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Stolen Valor: Posing as Veterans

Just when you think veterans cannot be treated any worse, it happens. In the wake of the VA hospital wait times, which is still being sorted out, there is an emerging issue with “stolen valor.” This is not necessarily a new issue, but it is definitely becoming more prevalent these days. Stolen valor refers to an individual who poses as a veteran. Who knew there were people out there low enough to claim military service and reap the benefits without ever having done so? Our veterans struggle to receive the most basic assistance from the government. Now on top of their struggles post-service, a veteran’s service is being minimized by other individual’s fraudulent activity so as to get a store discount. Does it get any worse than that?

Congress passed the Stolen Valor Act of 2013, which amends the federal criminal code. This Act makes it a federal crime for a person to fraudulently claim receiving military decorations for the purpose of obtaining money, property, or other tangible benefits. The Stolen Valor Act of 2005 was ruled unconstitutional by the Supreme Court in 2011. The Court said this act infringes on an individual’s constitutional right to freedom of speech. In response to the Supreme Court’s decision, President Obama stated, “It may no longer be a crime for con artists to pass themselves off as heroes, but one thing is certain – it is contemptible…No American here should ever have their valor stolen.” The 2013 version of the bill changed its focus to fraud. It says the individual must be attempting to somehow materially profit from the scam, making their actions fraud-based. An individual who violates this act can face fines of up to one year in jail.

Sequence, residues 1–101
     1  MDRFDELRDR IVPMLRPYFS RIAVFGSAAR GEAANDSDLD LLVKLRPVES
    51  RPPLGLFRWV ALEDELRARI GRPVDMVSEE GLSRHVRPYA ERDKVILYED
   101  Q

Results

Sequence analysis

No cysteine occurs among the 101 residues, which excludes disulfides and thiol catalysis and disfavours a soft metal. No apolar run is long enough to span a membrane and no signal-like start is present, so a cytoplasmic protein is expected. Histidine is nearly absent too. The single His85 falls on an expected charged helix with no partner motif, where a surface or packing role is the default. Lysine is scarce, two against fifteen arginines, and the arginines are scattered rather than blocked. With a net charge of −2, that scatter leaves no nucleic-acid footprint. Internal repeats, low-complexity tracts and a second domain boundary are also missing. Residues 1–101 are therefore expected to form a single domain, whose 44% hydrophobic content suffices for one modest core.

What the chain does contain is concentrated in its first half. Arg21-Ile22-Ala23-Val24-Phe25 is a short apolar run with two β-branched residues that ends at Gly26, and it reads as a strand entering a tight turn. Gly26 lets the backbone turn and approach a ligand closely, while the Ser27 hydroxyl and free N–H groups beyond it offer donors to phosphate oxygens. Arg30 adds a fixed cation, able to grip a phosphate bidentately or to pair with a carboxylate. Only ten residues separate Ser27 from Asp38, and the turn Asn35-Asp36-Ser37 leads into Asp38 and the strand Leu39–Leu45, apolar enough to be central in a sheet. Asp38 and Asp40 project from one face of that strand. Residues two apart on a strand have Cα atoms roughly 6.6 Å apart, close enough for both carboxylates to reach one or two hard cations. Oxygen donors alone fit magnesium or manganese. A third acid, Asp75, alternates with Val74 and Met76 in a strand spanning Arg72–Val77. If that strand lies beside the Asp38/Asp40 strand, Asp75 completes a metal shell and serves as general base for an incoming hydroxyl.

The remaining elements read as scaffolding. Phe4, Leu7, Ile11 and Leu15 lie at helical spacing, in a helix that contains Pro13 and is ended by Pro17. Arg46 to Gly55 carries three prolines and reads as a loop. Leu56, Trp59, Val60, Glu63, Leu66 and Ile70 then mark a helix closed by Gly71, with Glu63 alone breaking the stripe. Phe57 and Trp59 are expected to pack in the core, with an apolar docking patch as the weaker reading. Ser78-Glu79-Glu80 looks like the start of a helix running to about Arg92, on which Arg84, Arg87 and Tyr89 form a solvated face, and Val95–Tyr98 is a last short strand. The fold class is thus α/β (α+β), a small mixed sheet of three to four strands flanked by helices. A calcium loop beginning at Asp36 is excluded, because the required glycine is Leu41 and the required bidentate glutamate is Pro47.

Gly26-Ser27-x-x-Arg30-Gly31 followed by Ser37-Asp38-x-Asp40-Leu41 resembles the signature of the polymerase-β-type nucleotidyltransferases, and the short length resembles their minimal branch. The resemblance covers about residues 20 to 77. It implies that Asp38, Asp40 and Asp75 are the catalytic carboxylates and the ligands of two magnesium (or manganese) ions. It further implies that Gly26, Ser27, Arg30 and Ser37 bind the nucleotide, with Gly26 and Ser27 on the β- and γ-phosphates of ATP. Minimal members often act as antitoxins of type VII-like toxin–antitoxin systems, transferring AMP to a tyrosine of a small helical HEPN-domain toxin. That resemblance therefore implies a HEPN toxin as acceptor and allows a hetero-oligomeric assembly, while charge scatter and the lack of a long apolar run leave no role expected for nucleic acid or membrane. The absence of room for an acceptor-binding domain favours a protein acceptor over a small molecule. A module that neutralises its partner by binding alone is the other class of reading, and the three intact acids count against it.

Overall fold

CNN recently reported a veteran who called out a “phony” soldier dressed in a military uniform at a Philadelphia mall. The veteran videotaped the encounter.

In an effort to combat this type of fraud, the United States Department of Defense has established a website to track recipients of awards and decorations of the United States military. If you know of someone fraudulently receiving any type of veteran’s benefit please report them to your local police station. This is the very least we can do to honor our veterans for their service.

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